It is widely believed that the Joint Comprehensive Plan of Action allows Iran to stall an International Atomic Energy Agency inspection of an undeclared site for up to but not more than 24 days. In fact, inspections could be stalled for months or might never take place at all.
First, according to Annex I, paragraphs 74-78, the so-called 24-day period doesn’t begin until the following has taken place: the IAEA provides Iran with the basis for its concerns and requests clarification, Iran responds and the IAEA determines that its concerns haven’t been resolved. There is no fixed time period for this preliminary step.
The IAEA may then request access and the Joint Commission has 21 days after the request to vote on a resolution. What happens if the Joint Commission’s eight members cannot reach a consensus or don’t support granting the IAEA access? Presumably talks would be extended — or no inspection would take place at all.
If the Joint Commission does endorse IAEA access, Iran is supposed to comply within three days. But what if Iran refuses? There is no automatic ‘snapback’ provision. Rather, this would trigger the “Dispute Resolution Mechanism” in the agreement’s general provisions, paragraphs 36-37. The Joint Commission would then have “15 days to resolve the issue, unless the time period was extended by consensus.” Realistically, this could drag on for weeks or months. If the Joint Commission cannot resolve the dispute, “any participant could refer the issue to Ministers of Foreign Affairs,” which would have another 15 days, unless talks were extended. Or the matter could be referred to an Advisory Board, which would have another 15 days to issue a non-binding opinion before returning the matter for five days to the Joint Commission. Only then could the U.N. Security Council consider reimposing sanctions.And what happens next? The Security Council would have another 30 days to consider the matter. And then? Given that Iran can walk away from its obligations if any sanctions are reimposed — having already pocketed $150 billion in upfront sanctions relief — the Security Council would most likely back down.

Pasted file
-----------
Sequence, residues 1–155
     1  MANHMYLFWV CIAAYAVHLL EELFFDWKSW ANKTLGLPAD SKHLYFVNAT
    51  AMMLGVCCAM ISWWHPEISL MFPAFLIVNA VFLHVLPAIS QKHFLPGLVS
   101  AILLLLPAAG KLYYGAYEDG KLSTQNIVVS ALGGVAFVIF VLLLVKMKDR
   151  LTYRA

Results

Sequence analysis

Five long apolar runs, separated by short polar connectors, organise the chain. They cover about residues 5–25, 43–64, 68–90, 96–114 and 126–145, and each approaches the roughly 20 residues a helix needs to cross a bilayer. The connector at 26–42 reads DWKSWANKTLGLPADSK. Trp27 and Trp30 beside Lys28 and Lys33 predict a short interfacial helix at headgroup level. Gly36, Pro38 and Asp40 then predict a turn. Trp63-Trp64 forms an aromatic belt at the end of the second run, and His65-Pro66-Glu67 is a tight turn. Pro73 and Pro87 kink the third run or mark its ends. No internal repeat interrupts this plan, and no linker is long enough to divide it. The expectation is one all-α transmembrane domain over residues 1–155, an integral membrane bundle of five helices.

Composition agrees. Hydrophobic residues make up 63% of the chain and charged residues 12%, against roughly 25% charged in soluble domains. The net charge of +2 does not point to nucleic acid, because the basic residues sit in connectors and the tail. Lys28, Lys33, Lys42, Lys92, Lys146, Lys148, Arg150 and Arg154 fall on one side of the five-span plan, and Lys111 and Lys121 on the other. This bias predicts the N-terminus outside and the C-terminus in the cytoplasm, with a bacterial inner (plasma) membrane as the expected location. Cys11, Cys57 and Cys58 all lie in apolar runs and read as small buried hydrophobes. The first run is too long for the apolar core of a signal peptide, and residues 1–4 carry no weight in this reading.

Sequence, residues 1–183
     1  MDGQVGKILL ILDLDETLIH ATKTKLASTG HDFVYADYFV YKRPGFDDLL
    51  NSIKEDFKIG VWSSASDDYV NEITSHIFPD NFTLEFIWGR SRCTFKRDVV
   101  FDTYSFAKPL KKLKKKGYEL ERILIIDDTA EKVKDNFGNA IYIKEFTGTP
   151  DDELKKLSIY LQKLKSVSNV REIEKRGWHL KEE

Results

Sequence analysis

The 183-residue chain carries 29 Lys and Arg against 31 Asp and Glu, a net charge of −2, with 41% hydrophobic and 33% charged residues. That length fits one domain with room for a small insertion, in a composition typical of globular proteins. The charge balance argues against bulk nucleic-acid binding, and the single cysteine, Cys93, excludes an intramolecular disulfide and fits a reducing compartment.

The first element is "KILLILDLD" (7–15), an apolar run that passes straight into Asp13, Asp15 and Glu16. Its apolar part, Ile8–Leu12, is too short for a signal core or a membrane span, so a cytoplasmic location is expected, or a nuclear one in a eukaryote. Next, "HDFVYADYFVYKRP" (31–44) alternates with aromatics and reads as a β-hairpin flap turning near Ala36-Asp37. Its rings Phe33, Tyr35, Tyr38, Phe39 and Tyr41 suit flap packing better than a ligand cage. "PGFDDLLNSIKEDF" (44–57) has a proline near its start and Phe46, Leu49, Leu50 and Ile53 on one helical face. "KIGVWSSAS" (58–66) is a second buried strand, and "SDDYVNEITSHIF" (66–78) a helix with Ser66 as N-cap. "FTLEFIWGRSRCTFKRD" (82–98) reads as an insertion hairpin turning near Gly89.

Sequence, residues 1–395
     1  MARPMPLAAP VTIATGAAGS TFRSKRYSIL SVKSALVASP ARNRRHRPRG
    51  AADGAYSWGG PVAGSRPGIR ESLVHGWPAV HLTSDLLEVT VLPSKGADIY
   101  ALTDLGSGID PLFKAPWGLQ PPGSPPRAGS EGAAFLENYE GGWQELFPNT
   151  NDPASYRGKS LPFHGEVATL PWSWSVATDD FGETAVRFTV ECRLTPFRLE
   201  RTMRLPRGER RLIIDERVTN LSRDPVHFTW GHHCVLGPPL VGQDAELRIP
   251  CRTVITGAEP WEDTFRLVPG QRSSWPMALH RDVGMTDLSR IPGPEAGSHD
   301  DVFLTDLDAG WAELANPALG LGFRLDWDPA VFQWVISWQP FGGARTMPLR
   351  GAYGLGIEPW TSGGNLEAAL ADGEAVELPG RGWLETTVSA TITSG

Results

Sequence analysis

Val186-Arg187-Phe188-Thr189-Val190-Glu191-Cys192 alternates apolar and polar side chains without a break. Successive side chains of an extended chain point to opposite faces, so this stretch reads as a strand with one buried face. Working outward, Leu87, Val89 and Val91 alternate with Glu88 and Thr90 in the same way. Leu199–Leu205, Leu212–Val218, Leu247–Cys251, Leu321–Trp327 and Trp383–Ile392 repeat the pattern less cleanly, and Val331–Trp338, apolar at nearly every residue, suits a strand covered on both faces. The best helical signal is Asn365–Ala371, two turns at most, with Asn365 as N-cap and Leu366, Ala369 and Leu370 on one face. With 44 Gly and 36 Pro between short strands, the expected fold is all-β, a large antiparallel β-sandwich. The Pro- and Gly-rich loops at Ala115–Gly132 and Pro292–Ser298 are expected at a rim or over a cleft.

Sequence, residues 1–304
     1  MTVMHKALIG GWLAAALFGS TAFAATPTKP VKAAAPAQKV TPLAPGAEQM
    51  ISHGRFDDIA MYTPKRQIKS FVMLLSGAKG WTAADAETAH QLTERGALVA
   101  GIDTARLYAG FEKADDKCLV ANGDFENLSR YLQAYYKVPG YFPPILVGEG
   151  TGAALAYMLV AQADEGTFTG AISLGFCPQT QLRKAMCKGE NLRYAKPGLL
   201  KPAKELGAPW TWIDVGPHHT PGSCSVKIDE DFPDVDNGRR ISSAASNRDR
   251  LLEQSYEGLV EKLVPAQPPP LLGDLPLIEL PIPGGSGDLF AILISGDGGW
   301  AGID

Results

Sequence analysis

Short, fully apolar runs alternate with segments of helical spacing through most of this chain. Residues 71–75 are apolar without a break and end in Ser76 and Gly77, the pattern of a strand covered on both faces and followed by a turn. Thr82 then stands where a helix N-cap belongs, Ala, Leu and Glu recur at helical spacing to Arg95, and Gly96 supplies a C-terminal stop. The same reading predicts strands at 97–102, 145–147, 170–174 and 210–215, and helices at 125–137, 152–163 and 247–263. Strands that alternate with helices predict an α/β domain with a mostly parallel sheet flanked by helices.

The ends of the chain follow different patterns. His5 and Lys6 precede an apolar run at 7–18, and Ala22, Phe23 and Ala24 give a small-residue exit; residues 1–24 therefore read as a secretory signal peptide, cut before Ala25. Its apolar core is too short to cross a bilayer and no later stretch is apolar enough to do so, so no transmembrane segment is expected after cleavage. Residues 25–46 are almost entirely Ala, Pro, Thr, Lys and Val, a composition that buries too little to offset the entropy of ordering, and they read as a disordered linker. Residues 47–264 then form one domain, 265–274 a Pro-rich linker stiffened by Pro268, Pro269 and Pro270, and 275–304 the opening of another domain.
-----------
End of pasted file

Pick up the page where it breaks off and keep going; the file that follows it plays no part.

STEPHEN A. SILVER